The FHA moves pursuant to Rule 12, Fed.Rules Civ.Proc., 28 U.S.C.A., to dismiss the complaint or, in the alternative, for summary judgment pursuant to Rule 56, Fed.Rules Civ.Proc., 28 U.S.C.A., upon the grounds, among others, that (1) plaintiffs lack standing to sue; (2) the FHA cannot be sued because the action constitutes an unconsented suit against the United States; and (3) plaintiffs cannot recover money damages in this case because the suit is barred by the Federal Tort Claims Act. Other grounds are also asserted but they are impertinent to the disposition of the motion. Plaintiffs heretofore moved this Court for a preliminary injunction against the transfer of the property to Tally, but this motion was denied and the property was conveyed to Tally.
In essence, Edelman's claim is predicated upon two premises, (1) that he has a contract of purchase and sale with the FHA and is entitled to relief in connection with a breach thereof, and (2) that he has been damaged by reason of FHA's breach of warranty and misrepresentation in violation of its fiduciary obligations. Both of these premises raise the issues of plaintiffs' standing or capacity to sue and the FHA's immunity to suit.
If Edelman's bid in conjunction with the Agency's conduct had created contractual obligations between him and the FHA, he would have been able to institute this action under the "sue and be sued" provision of 12 U.S.C.A. § 1702.
In spite of the fact, however, that Edelman claims in his complaint that he has a contract with the FHA, it is crystal clear from the facts that appear from the complaint and the affidavits and briefs, that he has no such contract. The Court is not bound by the conclusions of the pleader and will not permit the essential character of the suit to be disguised or distorted by the "artful drafting of a complaint".
Actually Edelman is in the position of an "unsuccessful bidder" and as such he has no standing to sue. This is true even though he might have been misled by the conduct of the FHA and its agent (assuming Tally to be such) and the express misrepresentation in the prospectus that there was "No Stated Minimum". While such a breach of good faith on the part of the FHA offends all standards of fair dealing, it can be remedied only by executive or legislative fiat. In mitigation, however, it should be noted that Edelman was unwilling to overbid Tally's $1,325,000 competitive bid, which permits a persuasive inference that he would not have met the $1,400,000 minimum had it been stated in the prospectus.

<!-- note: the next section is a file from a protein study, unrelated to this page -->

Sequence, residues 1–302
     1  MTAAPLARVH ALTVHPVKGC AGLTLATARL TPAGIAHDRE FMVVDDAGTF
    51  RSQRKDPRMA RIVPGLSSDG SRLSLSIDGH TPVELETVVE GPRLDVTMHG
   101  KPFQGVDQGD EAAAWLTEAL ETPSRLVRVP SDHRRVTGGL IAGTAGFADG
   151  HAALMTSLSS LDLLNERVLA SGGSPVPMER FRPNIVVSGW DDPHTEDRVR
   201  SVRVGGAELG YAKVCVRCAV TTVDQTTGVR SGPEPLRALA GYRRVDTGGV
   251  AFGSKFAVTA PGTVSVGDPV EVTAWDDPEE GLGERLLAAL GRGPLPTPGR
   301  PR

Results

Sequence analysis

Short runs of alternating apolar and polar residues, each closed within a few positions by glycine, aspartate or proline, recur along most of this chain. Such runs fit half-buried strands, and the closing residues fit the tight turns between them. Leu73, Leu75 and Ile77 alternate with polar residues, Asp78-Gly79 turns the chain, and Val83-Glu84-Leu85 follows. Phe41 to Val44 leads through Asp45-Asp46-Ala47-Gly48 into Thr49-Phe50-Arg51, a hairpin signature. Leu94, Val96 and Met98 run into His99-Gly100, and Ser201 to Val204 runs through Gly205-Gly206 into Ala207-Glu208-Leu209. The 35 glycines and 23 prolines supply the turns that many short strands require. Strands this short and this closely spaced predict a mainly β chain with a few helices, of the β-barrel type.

In Fulton Iron Co. v. Larson, 1948, 84 U.S.App.D.C. 39, 171 F.2d 994, cert. denied, 1949, 336 U.S. 903, 69 S. Ct. 489, 93 L. Ed. 1068, the War Assets and Surplus Property Administrator boosted the fair value designated as the minimum purchase price of a piece of real property offered for sale upon invitation to bids, without notice to the appellant and after the bids had been closed, for the purpose of conforming this figure to the bid of a favored bidder and also of disqualifying the appellant although the latter made an additional offer of a sum equal to the amount of the successful bid. The appellant attempted as a person possessing a vested and contractual right, to recover from the Administrator. In denying recovery, the Court recognized that "[the] transactions involved in this case are surrounded by a pervasive and most offensive odor of skulduggery" (171 F.2d p. 996) but was forced to conclude that "[sympathetically] as we may view the whole circumstances as affecting appellant, we are still bound to find that appellant must fail for lack of showing of any capacity to sue." (p. 997) The doctrine of the Fulton case and other similar decisions